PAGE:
TAMPA, Fla. —The Tampa Bay Lightning are once again hitching their hopes of blocking Boston's path to the Stanley Cup finals on goaltender Dwayne Roloson.
Down 3-2 to the Bruins in the Eastern Conference finals, coach Guy Boucher said the 41-year-old Roloson is "the guy that took us here," so he'll be in net for Game 6 when the Lightning try to even the best-of-seven series tonight.
The Bruins are one victory away from their first Stanley Cup appearance in 21 years after beating Roloson's backup, Mike Smith, in Game 5.
Boucher opted to give Smith his first career playoff start after pulling Roloson from two of the previous three games against the Bruins, saying he felt the veteran whose acquisition in January was critical to Tampa Bay's turnaround season needed a "breather."
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Although Smith was solid during Monday's night's 3-1 loss that left the Lightning on the brink of elimination, Boucher sounded as though it was an easy decision to go back to Roloson.
"This is a perfect situation. He's going to be the only rested guy in the two teams," Boucher said Tuesday, noting Roloson has responded well to breaks this season.
"He's like everybody else. He's one of the hardest working guys on our team. He puts in a lot of hours and a lot of time," the Lightning coach added. "And he's like everybody else, at some point or another just needs to breathe a little bit."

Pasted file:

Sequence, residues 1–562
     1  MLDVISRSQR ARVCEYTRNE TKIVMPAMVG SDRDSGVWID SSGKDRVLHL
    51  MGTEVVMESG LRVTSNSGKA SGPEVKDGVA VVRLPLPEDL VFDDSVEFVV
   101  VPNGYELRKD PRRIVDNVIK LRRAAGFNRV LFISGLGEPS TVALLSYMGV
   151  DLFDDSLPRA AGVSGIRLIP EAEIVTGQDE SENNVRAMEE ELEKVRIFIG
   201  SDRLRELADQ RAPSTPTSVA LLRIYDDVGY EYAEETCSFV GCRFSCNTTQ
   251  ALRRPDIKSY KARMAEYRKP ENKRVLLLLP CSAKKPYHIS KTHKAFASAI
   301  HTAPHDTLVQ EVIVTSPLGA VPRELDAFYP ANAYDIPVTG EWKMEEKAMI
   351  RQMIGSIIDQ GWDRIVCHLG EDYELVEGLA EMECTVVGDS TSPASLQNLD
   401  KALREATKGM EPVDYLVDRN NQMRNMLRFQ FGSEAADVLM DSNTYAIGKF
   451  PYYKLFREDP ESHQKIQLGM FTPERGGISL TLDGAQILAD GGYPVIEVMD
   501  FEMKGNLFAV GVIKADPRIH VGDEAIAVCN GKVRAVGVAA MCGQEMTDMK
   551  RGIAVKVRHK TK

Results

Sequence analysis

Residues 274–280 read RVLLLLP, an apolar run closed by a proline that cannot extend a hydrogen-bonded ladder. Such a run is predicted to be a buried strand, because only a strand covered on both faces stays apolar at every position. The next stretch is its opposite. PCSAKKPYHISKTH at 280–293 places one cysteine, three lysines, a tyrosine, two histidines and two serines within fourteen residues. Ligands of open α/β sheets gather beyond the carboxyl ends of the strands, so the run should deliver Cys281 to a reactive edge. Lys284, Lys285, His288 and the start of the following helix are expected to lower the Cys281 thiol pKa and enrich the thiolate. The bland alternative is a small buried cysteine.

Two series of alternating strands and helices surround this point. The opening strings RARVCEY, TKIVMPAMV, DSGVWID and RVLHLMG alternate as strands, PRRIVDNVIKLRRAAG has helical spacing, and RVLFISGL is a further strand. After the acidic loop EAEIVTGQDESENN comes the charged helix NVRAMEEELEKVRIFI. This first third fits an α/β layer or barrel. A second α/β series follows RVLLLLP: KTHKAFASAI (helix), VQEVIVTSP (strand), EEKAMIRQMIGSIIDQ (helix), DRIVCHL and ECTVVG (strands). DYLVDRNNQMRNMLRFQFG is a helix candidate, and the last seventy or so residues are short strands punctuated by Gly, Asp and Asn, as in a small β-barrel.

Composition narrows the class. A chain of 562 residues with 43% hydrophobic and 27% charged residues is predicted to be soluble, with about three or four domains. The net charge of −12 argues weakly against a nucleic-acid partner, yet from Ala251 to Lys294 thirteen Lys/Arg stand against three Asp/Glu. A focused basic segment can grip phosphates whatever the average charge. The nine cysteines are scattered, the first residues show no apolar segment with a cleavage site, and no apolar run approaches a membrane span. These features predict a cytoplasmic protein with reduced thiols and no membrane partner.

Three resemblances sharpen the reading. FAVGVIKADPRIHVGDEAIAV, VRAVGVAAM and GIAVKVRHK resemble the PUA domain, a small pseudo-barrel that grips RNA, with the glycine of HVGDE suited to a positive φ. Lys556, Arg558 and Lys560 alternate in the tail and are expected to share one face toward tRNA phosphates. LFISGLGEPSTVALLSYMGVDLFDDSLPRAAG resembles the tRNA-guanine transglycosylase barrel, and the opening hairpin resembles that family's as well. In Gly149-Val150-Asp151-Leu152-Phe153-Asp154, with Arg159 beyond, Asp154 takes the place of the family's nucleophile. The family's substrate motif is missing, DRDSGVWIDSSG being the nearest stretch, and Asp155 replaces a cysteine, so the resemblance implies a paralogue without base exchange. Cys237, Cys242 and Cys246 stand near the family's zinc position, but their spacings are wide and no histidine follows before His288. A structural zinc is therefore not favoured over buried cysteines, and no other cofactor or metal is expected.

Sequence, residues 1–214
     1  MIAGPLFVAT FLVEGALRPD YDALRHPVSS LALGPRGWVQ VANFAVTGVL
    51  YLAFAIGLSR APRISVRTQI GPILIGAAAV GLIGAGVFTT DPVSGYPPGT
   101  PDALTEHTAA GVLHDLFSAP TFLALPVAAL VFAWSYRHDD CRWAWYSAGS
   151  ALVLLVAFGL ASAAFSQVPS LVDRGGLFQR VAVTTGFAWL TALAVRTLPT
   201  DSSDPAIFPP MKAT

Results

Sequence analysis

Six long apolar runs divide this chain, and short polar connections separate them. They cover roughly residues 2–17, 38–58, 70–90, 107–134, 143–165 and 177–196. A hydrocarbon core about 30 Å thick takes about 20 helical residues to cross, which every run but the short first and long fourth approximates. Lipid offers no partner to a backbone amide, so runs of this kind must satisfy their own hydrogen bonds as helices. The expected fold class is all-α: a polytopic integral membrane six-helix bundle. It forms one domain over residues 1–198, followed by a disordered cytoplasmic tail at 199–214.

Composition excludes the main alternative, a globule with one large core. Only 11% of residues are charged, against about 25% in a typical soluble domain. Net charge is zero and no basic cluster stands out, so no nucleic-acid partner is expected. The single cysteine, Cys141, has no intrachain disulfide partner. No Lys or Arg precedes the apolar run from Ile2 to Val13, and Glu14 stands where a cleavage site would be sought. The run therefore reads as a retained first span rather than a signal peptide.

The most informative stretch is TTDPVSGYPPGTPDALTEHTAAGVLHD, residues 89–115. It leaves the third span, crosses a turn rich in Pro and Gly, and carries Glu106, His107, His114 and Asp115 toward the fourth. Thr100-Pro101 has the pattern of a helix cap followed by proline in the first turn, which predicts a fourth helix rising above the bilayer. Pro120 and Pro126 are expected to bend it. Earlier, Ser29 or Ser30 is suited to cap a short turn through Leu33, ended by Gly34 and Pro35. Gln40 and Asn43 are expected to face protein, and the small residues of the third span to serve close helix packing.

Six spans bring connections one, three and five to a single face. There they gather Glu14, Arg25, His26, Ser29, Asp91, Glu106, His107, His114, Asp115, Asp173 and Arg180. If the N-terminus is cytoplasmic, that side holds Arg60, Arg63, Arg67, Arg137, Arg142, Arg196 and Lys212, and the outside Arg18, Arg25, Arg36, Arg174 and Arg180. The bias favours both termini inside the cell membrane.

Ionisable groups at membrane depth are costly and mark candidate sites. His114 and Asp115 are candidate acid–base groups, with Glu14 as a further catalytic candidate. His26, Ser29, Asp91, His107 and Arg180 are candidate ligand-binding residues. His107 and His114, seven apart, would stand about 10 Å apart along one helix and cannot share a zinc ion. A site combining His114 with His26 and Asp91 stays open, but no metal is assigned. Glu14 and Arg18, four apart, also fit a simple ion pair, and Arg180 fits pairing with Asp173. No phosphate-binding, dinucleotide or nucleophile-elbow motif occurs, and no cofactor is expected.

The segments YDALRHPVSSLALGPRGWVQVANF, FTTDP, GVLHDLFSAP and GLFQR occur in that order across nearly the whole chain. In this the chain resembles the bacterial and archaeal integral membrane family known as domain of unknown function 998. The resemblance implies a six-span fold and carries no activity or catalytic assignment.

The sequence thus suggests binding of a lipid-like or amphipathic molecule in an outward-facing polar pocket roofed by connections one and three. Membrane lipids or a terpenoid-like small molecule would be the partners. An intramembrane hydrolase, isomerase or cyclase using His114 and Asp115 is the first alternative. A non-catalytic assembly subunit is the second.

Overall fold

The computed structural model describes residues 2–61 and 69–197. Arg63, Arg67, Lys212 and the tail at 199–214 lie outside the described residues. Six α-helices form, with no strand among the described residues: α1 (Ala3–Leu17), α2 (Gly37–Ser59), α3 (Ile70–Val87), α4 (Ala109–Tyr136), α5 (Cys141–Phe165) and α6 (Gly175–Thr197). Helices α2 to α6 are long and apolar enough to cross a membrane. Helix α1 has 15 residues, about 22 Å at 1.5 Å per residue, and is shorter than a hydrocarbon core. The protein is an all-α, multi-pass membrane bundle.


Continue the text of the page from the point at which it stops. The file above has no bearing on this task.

Smith shut down Boston after Roloson fell behind 3-0 in the opening period of Game 4, giving Tampa Bay a chance to rally for a 5-3 victory. He stopped 17 of 19 shots Monday night, with the Bruins' adding an empty net goal in the closing seconds of a win that that has Boston on the brink of reaching the Stanley Cup finals for the first time since 1990.
The Bruins said regardless of who's in goal for the Lightning, they must remain focused on how they must play to finish the task.
"We know and we can play better than we did (in Game 5) and that's the positive you can take out of a win. Knowing that we're a team that plays better than we showed," Bruins coach Claude Julien said. "We're going to need that kind of effort if we plan on winning... because (Tampa Bay) going to play with desperation. They're a good team. They're a dangerous team."
A Lightning victory would send it back to Boston for Game 7 on Friday night.
Tampa Bay is confident that could happen.
After all, the Lightning trailed Pittsburgh 3-1 in the opening round before winning three straight to avoid elimination.
"We've been down 3-1. So 3-2, we're behind but it doesn't scare us. We're going to come out and play," Tampa Bay forward Martin St. Louis said.
"Our backs are against the wall, we have to respond," the six-time All-Star added. "I know we will."
Boston goalie Tim Thomas stopped 33 shots after falling behind just over a minute into Game 5, and Tampa Bay went 0-for 4 on power-play opportunities to drop to 2-for-18 in the series.
Boucher shrugged off a suggestion that the Lightning's frustration could carry over into Game 6, using Boston's ability to rebound after squandering a three-goal lead in Game 5 as an example of why teams can't dwell on what happened the previous game.
"They were leading by three. Everybody was telling them that they were feeling bad after the game and it would maybe carry on the next game and they won the next game. That's why I say, people like to hear that things carry on to the next game. But they don't," Boucher said. "It's a new story tomorrow."